At one prayer meeting, Leonard Ravenhill mentioned a young man:
I talked this morning again with a young man who was here not long ago. Maybe you didn’t see him. Some of you don’t know about him. He prays a minimum of eight hours each day. But if you tell that to someone who goes to seminary in Dallas, he’ll think you’re nuts. The seminarians these days would also say that Joshua was nuts if he thought he was told to march around the city a number of times. But some foolish things are the wisdom of God and some wise things are the foolishness of God.
Leonard personally knew men who had a hidden life of prayer. A young man in east Texas was one of those men. Leonard spoke of him at times: “There’s a thirty-two year old man who lives fifty miles from here who prays ten hours a day. I’m not talking about the days of David Brainerd or Praying John Hyde. That’s here in America right now.”
About praying men, he agreed with Samuel Chadwick who said: The one concern of the devil is to keep Christians from prayer. He fears nothing from prayerless studies, prayerless work, and prayerless religion. He laughs at our toil and mocks our wisdom, but trembles when we pray. No man is greater than his prayer life.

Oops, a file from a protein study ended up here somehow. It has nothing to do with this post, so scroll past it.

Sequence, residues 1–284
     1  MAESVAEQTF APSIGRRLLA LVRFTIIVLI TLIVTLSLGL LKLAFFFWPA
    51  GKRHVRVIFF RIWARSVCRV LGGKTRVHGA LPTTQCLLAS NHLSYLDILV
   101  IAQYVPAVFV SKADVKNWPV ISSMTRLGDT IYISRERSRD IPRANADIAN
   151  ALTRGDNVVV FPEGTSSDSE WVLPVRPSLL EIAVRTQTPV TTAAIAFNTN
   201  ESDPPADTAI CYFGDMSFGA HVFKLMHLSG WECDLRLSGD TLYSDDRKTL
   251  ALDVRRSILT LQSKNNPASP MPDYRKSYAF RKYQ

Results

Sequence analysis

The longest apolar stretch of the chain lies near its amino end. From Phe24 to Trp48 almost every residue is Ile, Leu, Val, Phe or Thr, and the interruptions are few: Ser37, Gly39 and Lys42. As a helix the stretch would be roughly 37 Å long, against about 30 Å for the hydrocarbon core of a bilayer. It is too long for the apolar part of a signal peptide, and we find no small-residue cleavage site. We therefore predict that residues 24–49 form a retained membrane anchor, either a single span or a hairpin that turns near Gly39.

Leonard spoke about prayer often in his letters, as he was always encouraging others toward a deeper prayer life. In March 1961 he wrote his friends, the Blooms:
I would rather hear a man pray than hear him preach. A ninety-five year old woman in England often heard C. H. Spurgeon preach and pray. She said to me that his prayers lifted the congregation into eternity. Prayer changed Hannah. She prayed for a child. But she not only got a child, she got a prophet. Prayer changed Hannah and her son changed Israel.
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